I am meeting some colleagues from Notre Dame University on the island. All of us have a keen interest in migration and we are taking time on this tiny island to see first-hand how the migration crisis has impacted on this normally busy holiday location for Italian tourists. We’ve heard that the community on Lampedusa has opened its doors and hearts to these migrants from many countries which lie to its southern aspect. People have come from Eritrea, Sudan, Ethiopia, Angola and many others failing or failed nation states.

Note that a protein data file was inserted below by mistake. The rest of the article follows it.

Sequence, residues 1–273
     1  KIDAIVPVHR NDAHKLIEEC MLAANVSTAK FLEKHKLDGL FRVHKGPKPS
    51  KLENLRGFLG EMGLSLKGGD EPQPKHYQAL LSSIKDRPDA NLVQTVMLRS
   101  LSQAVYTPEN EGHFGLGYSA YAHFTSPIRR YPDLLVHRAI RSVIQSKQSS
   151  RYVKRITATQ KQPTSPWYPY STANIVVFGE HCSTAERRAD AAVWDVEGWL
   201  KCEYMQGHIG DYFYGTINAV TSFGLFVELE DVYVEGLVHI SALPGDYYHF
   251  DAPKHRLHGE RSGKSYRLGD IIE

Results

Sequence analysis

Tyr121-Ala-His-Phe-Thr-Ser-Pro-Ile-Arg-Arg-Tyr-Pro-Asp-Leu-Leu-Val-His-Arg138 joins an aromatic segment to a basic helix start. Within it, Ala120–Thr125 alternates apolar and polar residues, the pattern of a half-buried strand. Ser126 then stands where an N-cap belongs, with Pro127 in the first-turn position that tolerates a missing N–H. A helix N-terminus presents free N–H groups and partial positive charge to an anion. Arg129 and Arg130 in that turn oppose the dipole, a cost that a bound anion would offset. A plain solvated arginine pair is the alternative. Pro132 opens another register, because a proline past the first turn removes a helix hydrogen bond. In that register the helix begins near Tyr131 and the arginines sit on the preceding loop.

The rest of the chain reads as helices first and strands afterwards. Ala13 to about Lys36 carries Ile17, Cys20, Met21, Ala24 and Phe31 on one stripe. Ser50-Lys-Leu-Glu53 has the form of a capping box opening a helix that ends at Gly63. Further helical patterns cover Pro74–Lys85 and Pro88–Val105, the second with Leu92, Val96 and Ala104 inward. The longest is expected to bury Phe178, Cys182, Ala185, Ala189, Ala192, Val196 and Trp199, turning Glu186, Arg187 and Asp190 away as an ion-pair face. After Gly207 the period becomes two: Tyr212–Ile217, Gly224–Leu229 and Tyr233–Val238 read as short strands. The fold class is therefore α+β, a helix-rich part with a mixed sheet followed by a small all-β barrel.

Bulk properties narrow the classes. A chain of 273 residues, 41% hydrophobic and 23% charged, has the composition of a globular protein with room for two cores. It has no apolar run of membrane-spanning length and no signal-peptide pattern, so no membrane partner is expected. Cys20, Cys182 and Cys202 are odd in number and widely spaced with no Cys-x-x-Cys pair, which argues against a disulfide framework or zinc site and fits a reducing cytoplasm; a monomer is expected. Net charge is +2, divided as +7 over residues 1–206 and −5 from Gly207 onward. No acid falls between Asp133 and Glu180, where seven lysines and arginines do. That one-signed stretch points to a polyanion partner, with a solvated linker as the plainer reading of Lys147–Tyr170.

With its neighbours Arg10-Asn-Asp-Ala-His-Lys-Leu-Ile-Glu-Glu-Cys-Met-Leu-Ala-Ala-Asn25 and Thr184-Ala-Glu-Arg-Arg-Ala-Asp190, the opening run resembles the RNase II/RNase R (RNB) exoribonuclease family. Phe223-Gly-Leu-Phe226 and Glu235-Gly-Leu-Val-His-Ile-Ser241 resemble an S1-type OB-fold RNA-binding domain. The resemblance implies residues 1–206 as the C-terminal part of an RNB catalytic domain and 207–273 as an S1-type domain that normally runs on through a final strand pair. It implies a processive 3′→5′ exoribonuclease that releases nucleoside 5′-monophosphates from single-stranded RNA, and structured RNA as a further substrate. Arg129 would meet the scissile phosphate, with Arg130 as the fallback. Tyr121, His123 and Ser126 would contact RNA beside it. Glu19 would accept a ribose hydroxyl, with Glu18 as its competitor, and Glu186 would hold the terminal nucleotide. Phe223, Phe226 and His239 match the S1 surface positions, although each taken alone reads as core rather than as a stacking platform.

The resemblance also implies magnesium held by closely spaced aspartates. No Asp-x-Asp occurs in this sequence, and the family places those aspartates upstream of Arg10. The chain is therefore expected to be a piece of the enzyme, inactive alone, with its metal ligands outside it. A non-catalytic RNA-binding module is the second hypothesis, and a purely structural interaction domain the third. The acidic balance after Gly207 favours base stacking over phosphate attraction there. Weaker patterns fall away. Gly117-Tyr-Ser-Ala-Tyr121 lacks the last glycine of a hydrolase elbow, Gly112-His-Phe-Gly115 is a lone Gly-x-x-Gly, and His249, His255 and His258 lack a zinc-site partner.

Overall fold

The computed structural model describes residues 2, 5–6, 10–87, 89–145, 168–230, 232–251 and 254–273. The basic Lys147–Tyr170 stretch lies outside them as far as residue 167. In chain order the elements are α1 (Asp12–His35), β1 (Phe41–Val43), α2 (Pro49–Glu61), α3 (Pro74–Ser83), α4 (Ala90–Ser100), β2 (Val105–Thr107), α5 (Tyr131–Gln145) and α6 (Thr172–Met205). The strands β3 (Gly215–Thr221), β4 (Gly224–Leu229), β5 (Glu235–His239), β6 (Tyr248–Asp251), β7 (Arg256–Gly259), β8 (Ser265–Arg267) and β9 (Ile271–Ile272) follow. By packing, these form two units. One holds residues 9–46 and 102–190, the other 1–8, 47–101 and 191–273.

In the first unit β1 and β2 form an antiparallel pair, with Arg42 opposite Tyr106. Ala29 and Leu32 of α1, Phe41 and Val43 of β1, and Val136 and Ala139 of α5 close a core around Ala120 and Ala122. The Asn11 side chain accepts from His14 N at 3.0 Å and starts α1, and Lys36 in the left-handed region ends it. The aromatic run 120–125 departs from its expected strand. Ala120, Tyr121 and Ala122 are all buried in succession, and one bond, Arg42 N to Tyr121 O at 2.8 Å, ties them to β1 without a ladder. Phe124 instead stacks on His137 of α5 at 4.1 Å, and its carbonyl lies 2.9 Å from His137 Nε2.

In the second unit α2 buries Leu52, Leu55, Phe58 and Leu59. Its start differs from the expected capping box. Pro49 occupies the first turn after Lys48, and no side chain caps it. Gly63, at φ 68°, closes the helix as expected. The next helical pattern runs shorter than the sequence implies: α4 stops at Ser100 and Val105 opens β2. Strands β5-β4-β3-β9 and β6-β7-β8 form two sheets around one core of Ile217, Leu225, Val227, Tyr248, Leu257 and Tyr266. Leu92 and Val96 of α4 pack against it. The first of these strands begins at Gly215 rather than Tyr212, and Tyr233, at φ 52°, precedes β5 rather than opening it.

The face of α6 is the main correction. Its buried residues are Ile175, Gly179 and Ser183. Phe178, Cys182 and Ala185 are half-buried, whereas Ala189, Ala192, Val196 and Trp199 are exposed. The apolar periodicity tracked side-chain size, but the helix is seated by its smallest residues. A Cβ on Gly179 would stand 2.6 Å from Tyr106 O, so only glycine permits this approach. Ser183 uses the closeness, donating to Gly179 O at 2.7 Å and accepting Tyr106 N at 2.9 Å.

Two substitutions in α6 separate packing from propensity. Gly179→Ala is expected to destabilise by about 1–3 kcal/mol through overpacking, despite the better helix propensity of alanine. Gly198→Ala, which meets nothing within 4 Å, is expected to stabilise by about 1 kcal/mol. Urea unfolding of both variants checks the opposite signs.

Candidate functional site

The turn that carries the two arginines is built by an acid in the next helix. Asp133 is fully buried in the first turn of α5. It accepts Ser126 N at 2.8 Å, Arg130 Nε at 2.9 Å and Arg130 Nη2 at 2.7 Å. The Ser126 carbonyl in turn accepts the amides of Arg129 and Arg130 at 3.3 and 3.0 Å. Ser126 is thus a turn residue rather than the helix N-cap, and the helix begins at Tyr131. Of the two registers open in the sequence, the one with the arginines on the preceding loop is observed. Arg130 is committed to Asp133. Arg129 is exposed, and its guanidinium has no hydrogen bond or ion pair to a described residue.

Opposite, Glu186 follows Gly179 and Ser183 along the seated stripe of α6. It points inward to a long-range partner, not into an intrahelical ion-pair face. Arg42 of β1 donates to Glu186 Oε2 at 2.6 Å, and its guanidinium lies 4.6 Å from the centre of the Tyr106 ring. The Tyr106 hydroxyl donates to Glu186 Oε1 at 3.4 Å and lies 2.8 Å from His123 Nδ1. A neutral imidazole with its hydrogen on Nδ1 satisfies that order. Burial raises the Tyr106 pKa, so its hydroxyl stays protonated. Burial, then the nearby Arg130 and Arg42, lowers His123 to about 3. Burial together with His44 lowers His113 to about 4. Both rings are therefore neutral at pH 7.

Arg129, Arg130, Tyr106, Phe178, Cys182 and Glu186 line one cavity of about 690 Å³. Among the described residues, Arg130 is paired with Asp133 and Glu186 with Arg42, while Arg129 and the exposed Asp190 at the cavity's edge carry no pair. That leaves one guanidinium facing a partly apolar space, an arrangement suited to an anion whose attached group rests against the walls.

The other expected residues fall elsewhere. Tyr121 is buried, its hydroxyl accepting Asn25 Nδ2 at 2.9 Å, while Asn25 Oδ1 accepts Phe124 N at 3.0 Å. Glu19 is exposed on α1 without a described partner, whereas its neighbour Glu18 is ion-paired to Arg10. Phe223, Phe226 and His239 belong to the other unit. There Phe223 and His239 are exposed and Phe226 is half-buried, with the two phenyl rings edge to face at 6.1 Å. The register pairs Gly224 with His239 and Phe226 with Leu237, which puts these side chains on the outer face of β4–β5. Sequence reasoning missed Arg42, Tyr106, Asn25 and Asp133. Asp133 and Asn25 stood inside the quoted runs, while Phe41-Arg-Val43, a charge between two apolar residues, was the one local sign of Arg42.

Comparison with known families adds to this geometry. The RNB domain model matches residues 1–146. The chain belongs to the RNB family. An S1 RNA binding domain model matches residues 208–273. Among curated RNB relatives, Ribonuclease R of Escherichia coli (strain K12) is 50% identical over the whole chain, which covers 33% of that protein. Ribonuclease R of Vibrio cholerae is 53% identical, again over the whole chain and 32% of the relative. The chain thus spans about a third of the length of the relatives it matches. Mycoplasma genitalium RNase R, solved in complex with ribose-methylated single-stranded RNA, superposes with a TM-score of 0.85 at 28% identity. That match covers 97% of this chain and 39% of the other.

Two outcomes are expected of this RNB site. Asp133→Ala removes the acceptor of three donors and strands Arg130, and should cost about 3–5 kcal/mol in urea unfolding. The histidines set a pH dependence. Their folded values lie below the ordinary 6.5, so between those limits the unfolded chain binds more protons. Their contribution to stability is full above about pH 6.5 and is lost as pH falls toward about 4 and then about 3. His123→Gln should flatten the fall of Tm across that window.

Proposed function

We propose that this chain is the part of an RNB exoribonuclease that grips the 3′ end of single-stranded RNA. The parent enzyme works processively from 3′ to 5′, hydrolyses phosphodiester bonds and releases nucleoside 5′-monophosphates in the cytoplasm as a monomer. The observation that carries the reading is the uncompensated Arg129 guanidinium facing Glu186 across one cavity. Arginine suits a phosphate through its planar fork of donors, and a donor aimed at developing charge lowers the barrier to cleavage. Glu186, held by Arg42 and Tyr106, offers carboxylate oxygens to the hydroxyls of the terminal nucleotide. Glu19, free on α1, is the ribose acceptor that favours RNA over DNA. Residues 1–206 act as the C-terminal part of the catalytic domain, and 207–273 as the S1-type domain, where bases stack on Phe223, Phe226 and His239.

Those I know who have made this hazardous journey have the utmost respect for the community on this island. They gave them sanctuary, clothes, food and most importantly a welcome. However, Lampedusa and Italy generally felt abandoned by Europe. The Dublin Convention means that asylum has to be claimed in the country that you first set foot in. This also means that when migrants were apprehended in any other European country, including Ireland, they were sent back to Italy. Noting Europe’s internal wrangling and Europe’s Pilate like approach to the problem, Italy solved the problem the Italian way…they stopped registering those who arrived! This left many migrants free to seek a new home elsewhere in Europe.  Part of the failing in this present system is based on the  naïve assumption that policy in fact controls migration. When it comes to refugees and asylum seekers who are leaving horrific situation no amount of policy can dictate who goes where. The ‘Italian Solution’ to the ‘Dublin Convention’ has only served to reveal a Europe that is not in touch with the present realities.